Browsing by Subject "pukusuunnittelu"

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  • Rostedt, Pilvi (Helsingfors universitet, 2015)
    The aim of this study was to design a costume for a Christian dancing group, and also to discuss clothing principles, which need to be taken into consideration in a Christian context. The idea was that the material produced in this study and design process, could also be used by other Christian dancing groups in their problems related to clothing. The research question is: What kind of costume is suitable for Christian dancers? This study was carried out as a design project. In the designing group there were nine members, who are all Christian dance enthusiasts in need of dancing costumes. In the iterative design process the modelling and evaluating of the costume alternated. In the process, I partly applied collaborative design. During the design process and evaluation the costume was analyzed according to the FEA-model, which includes the aspects of functionality, expressiveness, aesthetics, and culture. At the end of the process, the dancing group had a model of a versatile costume, which the dancers found very acceptable. Members of the design group are able to utilize this material later on when designing new costumes. This research will benefit the growing number of Christian dancers, Christian dancing in general and also reflection on the relation of dancing, clothing and Christian faith.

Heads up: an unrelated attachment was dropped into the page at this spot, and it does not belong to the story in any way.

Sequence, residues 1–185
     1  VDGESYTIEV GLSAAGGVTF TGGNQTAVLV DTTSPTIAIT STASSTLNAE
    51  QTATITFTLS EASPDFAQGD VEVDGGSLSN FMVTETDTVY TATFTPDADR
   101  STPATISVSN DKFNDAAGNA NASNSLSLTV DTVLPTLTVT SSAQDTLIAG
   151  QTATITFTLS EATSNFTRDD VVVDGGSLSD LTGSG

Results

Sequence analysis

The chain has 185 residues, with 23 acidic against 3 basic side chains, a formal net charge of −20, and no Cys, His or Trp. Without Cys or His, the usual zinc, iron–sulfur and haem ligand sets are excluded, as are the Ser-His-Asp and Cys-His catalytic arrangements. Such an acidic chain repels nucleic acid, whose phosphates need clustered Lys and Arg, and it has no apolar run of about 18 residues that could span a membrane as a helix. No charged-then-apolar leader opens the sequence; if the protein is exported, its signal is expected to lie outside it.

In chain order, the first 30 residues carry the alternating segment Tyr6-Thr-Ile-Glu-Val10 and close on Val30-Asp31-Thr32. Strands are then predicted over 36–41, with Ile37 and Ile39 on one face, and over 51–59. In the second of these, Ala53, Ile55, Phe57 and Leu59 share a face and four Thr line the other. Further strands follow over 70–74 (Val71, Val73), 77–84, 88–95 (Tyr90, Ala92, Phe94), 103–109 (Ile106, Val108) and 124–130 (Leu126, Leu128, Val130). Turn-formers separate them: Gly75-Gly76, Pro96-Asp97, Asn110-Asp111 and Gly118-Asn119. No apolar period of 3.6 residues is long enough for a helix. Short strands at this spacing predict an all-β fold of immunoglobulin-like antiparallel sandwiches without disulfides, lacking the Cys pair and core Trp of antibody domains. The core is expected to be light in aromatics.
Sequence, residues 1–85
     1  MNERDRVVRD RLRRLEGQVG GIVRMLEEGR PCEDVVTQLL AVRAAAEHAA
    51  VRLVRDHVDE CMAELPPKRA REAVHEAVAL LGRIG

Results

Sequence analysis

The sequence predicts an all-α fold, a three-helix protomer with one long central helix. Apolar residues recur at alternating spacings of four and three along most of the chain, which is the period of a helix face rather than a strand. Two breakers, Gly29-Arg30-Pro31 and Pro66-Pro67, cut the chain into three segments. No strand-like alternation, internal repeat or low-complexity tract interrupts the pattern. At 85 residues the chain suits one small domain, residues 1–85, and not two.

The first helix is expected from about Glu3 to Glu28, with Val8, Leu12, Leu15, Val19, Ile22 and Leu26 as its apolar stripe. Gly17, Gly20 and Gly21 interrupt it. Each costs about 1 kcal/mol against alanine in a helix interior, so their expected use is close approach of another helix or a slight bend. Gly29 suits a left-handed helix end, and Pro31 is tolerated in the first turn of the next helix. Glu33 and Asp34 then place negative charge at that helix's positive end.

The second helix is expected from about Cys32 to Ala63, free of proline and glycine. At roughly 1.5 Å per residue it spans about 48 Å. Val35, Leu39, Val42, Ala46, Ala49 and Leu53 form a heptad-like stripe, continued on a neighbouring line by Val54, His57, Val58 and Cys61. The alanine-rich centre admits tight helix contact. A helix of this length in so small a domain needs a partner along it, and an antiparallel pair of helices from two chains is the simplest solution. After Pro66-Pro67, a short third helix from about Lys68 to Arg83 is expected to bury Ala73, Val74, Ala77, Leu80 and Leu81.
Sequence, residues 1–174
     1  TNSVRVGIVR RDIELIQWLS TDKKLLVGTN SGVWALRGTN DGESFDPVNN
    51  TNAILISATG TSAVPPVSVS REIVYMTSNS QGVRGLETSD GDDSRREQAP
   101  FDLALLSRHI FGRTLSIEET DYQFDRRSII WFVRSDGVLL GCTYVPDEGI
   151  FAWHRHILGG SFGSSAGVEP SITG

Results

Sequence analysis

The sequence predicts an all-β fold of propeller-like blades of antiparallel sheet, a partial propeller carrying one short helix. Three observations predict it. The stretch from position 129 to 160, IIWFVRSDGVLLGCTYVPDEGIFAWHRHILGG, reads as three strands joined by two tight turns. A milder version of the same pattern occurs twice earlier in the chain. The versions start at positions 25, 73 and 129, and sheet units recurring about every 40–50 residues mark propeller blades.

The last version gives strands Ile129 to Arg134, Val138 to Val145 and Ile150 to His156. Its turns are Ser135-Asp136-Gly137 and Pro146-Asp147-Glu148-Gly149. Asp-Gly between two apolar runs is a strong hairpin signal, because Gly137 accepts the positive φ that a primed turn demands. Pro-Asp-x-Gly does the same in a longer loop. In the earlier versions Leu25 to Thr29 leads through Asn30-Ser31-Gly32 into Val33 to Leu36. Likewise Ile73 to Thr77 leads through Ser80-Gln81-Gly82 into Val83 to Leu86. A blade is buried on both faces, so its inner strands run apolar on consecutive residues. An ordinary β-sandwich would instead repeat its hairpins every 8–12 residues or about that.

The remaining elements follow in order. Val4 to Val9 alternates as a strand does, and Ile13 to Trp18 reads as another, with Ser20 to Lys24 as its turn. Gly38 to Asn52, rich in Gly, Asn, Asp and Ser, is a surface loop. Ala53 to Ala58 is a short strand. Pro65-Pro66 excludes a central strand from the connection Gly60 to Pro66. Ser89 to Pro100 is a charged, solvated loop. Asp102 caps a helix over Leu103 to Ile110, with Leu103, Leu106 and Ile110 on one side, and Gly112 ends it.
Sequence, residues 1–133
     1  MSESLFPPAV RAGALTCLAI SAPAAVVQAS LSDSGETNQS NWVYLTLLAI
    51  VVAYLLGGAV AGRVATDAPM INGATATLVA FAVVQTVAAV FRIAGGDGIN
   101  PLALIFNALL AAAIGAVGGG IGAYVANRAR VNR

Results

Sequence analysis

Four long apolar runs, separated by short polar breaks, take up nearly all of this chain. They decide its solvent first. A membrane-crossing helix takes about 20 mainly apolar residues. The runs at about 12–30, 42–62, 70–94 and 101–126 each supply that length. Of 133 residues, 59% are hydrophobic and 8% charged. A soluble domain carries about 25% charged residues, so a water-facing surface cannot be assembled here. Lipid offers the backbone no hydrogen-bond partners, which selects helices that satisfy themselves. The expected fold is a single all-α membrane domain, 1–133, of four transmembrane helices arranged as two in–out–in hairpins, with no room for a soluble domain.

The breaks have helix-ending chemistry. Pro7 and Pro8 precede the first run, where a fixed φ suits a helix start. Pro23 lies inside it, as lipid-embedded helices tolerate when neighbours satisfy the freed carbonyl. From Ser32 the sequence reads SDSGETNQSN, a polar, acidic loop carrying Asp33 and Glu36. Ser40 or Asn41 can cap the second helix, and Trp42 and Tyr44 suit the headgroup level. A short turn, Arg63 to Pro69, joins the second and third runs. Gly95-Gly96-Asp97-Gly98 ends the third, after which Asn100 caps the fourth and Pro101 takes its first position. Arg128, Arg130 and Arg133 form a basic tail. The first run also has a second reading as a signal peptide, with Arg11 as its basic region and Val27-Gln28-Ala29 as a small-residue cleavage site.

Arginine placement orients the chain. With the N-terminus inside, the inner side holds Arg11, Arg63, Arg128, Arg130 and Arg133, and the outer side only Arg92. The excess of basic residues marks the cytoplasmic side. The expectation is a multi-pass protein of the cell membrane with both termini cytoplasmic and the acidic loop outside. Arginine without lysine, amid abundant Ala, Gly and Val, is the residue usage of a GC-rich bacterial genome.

• Avikainen, Elisa (Helsingfors universitet, 2016)
    The main interest of this study was scenographer Kirsi Manninen and her career as a costume designer in Winter Circus of Hurjaruuth. The purpose of this study was to describe the costume designing processes in Winter Circus productions and to find out what possibilities and challenges circus sets to costume designing. Referring to previous studies (Checkland, 1986; Seitamaa-Hakkarainen, 2000; Zeisel, 1984) designing processes can be seen as movements between different levels, where reality and idea levels are compared to each other. Designing is also seen as iteratively moving process, where the completed products are created via many acceptable solutions. This study is qualitative and its manner of an approach is a case study. Material for this study was gathered with a theme interview from Kirsi Manninen. Material was analyzed adapting to theoretically orientated content analysis. Baseline of the study was designer-orientated nor than production-orientated. The centre of the analysis was not about the themes or details of circus productions but designering and artefacts behind them. This study showed that Manninen's designing process proceeds iteratively between four different dimensions. As a result of collected material of this study and referring to previous models there was a model created that describes Manninen's designing process in circus productions. The dimensions, based on collected material were named as team, user, substance and composition. A costume designer is working in a part of multi-artistic team. This team creates the whole play in tight co-operation. Theme of the play defines the baselines for working. Each costume is designed individually for a user, taking into account personal features, movement, safety and character that are performed. Costumes and the substance transmit different kind of moods and messages. They have also a magnificent role as a storytelling part of the play. The final costume and the composition of it are formed by color, shape and material, applying different kind of techniques.